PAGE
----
Blood vessel formation in the vertebrate eye is a precisely regulated process. In the human retina, both an excess and a deficiency of blood vessels may lead to a loss of vision. To gain insight into the molecular basis of vessel formation in the vertebrate retina and to develop pharmacological means of manipulating this process in a living organism, we further characterized the embryonic zebrafish eye vasculature, and performed a small molecule screen for compounds that affect blood vessel morphogenesis. The screening of approximately 2000 compounds revealed four small molecules that at specific concentrations affect retinal vessel morphology but do not produce obvious changes in trunk vessels, or in the neuronal architecture of the retina. Of these, two induce a pronounced widening of vessel diameter without a substantial loss of vessel number, one compound produces a loss of retinal blood vessels accompanied by a mild increase of their diameter, and finally one other generates a severe loss of retinal vessels. This work demonstrates the utility of zebrafish as a screening tool for small molecules that affect eye vasculature and presents several compounds of potential therapeutic importance.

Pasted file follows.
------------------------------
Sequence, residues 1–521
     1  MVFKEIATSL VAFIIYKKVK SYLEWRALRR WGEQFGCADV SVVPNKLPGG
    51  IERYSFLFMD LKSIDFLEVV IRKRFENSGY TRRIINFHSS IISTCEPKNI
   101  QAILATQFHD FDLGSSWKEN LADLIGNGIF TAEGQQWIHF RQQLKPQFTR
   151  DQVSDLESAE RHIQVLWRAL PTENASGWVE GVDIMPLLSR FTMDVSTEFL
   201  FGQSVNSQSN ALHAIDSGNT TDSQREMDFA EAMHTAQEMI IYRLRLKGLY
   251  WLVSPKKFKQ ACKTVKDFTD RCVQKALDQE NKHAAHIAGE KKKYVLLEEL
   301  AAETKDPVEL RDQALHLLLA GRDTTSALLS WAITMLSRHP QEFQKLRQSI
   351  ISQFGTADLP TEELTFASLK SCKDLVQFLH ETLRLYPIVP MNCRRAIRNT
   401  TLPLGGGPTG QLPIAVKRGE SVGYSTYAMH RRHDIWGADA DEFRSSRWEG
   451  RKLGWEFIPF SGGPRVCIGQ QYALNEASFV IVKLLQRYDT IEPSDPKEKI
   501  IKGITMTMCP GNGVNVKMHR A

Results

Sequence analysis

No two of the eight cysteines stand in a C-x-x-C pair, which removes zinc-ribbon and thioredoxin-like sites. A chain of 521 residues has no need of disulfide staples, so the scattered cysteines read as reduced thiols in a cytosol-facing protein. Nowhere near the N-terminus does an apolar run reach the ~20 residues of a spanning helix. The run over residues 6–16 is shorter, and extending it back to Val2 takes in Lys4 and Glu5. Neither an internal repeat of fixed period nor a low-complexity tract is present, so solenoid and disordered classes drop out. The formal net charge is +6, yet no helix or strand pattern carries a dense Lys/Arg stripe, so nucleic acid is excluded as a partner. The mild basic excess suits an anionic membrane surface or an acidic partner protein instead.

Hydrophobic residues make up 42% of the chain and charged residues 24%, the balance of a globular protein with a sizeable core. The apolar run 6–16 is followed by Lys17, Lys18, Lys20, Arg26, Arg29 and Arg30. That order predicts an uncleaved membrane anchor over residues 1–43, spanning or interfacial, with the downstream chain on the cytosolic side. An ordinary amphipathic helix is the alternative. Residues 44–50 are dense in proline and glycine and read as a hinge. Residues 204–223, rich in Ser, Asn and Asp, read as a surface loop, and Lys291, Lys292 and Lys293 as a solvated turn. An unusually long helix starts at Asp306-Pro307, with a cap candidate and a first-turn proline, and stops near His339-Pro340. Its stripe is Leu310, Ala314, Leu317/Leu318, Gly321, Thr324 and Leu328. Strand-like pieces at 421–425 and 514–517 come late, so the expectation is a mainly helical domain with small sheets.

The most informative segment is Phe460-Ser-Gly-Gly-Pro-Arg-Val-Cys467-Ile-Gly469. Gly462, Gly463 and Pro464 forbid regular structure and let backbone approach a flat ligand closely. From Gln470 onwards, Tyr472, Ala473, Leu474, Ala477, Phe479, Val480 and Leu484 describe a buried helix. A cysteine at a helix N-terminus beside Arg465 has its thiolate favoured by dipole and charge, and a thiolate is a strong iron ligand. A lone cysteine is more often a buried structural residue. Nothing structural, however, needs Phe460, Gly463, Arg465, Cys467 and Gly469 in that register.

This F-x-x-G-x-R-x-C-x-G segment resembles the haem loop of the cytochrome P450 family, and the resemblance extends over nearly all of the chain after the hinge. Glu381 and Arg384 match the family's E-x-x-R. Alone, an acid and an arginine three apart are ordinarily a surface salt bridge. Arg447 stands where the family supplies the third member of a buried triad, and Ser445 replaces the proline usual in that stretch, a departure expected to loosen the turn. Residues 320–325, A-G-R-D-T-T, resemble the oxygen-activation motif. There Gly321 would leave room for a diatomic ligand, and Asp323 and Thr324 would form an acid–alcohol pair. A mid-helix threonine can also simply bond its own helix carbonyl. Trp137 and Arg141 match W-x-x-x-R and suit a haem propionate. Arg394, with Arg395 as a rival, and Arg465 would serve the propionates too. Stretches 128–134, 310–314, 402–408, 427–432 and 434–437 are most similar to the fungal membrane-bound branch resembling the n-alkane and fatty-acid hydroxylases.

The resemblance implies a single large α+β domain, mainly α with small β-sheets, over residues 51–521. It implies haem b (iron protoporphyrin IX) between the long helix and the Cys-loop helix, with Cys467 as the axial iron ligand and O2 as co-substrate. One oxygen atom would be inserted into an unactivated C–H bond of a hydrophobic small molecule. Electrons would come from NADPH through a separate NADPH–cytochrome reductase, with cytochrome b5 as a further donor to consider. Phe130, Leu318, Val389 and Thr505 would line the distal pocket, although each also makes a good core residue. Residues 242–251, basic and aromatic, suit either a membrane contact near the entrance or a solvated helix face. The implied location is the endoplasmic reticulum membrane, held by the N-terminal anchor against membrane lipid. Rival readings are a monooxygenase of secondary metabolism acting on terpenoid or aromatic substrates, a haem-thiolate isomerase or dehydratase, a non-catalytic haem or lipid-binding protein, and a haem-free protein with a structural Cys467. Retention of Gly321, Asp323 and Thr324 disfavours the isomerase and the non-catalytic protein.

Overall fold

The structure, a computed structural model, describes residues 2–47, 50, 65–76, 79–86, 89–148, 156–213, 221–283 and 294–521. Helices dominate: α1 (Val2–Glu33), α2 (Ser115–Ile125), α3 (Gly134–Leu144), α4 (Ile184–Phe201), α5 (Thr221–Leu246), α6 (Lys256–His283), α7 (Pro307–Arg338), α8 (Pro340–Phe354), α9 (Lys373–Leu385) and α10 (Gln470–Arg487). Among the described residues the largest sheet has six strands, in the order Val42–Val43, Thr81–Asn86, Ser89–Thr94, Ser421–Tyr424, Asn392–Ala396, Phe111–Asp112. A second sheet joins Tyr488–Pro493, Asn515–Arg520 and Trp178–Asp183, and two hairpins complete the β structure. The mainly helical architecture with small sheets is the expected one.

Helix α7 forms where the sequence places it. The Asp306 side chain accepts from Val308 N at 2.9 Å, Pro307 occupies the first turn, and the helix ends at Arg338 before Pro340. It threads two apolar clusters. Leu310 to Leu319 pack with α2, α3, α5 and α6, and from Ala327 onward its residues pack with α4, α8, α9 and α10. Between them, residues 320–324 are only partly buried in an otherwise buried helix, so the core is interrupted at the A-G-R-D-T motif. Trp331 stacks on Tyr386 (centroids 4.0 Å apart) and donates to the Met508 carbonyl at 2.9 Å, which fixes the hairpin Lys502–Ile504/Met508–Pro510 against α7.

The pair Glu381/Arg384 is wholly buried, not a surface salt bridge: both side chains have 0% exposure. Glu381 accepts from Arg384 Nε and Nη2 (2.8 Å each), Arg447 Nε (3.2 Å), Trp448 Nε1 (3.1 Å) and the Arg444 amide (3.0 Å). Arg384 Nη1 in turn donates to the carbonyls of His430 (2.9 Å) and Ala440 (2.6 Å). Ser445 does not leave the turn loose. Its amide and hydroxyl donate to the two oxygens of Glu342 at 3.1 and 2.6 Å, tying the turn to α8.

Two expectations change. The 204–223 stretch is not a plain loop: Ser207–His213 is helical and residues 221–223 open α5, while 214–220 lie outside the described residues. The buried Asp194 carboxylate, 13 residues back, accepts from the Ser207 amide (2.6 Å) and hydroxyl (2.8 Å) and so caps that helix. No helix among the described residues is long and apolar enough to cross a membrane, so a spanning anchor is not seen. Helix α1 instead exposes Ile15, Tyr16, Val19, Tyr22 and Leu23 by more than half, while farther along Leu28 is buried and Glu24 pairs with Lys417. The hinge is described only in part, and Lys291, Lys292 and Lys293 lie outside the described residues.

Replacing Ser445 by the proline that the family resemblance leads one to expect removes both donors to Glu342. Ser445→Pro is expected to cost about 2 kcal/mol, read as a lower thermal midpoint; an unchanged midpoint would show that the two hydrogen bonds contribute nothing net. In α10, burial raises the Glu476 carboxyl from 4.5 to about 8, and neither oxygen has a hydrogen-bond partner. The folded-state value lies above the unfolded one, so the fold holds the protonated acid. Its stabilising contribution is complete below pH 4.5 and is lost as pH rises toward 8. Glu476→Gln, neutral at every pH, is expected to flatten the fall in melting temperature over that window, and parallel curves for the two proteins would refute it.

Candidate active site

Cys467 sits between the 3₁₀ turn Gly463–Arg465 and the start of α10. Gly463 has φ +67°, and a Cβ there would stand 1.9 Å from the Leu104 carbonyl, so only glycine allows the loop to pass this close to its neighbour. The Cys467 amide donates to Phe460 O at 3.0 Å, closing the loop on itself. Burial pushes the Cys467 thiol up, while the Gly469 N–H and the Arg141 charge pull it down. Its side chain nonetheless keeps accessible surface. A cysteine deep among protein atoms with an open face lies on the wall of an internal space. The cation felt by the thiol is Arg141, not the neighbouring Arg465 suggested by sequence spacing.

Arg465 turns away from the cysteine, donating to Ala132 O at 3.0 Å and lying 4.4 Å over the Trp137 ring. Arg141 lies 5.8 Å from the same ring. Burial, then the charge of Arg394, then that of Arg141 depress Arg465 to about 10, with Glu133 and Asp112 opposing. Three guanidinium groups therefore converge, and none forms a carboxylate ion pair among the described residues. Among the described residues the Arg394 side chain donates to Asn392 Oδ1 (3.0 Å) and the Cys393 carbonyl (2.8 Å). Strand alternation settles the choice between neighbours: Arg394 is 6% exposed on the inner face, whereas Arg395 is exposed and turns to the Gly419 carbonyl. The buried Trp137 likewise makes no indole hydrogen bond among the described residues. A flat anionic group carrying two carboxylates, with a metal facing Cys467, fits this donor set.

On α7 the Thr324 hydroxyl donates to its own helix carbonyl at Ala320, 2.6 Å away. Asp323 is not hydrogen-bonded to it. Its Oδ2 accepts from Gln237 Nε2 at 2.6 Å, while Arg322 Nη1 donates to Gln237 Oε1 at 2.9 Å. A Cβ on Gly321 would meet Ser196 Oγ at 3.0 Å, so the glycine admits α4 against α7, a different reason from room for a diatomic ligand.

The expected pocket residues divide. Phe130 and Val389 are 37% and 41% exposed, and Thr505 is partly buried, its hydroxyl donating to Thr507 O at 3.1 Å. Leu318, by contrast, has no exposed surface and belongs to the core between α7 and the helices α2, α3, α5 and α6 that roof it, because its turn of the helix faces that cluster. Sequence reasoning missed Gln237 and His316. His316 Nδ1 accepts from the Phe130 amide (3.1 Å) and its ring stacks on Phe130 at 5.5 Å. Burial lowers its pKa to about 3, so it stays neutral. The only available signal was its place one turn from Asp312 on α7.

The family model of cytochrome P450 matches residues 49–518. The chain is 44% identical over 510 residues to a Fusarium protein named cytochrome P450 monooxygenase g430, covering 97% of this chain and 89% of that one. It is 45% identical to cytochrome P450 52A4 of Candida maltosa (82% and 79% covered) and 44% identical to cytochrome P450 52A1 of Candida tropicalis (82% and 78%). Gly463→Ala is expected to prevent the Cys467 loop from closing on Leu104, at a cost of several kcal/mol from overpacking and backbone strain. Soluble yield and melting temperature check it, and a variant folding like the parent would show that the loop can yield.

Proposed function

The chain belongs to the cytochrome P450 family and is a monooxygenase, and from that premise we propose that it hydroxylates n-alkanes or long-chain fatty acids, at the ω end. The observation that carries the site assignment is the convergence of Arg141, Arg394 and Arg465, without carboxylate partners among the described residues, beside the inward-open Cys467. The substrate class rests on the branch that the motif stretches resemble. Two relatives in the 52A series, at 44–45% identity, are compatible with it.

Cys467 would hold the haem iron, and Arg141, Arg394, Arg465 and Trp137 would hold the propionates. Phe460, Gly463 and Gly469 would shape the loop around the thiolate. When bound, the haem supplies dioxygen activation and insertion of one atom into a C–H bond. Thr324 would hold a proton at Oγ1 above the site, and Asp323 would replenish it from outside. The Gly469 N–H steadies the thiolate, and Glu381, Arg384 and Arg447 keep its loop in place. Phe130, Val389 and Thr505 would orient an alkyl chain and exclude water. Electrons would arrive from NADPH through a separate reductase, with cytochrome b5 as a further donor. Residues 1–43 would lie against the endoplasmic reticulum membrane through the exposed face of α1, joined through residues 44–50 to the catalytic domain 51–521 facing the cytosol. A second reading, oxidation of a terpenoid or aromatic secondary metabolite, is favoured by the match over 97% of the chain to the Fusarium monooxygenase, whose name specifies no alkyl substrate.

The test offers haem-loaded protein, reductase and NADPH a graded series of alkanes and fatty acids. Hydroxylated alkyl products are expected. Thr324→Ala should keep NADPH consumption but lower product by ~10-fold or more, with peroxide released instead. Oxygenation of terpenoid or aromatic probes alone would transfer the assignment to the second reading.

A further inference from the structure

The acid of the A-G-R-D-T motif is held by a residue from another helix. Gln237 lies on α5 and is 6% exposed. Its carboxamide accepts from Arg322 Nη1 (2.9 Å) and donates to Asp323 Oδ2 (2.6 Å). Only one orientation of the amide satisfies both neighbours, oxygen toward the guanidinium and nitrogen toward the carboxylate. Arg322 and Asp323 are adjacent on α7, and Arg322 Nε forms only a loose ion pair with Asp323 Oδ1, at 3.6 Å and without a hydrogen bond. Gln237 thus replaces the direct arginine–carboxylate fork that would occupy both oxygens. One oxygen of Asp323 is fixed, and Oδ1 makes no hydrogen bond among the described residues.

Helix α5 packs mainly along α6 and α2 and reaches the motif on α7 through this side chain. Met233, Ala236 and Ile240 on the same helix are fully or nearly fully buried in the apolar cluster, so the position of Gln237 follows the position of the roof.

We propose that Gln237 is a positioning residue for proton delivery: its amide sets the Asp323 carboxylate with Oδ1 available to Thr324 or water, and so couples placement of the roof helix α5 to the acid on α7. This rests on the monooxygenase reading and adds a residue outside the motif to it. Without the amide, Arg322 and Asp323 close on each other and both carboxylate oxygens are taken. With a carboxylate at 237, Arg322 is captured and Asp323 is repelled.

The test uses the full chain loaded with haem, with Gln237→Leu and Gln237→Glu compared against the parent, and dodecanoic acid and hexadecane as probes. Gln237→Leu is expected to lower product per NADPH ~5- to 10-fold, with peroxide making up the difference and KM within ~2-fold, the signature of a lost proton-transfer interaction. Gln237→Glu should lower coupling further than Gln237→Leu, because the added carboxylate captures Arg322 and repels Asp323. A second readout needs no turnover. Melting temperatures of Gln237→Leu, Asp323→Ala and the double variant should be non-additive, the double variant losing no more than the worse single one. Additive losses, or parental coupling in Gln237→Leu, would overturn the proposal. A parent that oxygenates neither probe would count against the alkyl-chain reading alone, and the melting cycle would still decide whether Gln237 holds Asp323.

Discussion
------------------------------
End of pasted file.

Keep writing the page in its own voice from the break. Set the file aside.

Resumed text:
What Drives Cell Morphogenesis: a Look Inside the Vertebrate Photoreceptor

Vision mediating photoreceptor cells are specialized light-sensitive neurons in the outer layer of the vertebrate retina. The human retina contains approximately 130 million of such photoreceptors, which enable images of the external environment to be captured at high resolution and high sensitivity. Rod and cone photoreceptor subtypes are further specialized for sensing light in low and high illumination, respectively. To enable visual function, these photoreceptors have developed elaborate morphological domains for the detection of light (outer segments), for changing cell shape (inner segments), and for communication with neighboring retinal neurons (synaptic terminals). Furthermore, rod and cone subtypes feature unique morphological variations of these specialized characteristics. Here, we review the major aspects of vertebrate photoreceptor morphology and key genetic mechanisms that drive their formation. These mechanisms are necessary for cell differentiation as well as function. Their defects lead to cell death.

Zebrafish Ale Oko, an Essential Determinant of Sensory Neuron Survival and the Polarity of Retinal Radial Glia, Encodes the P50 Subunit of Dynactin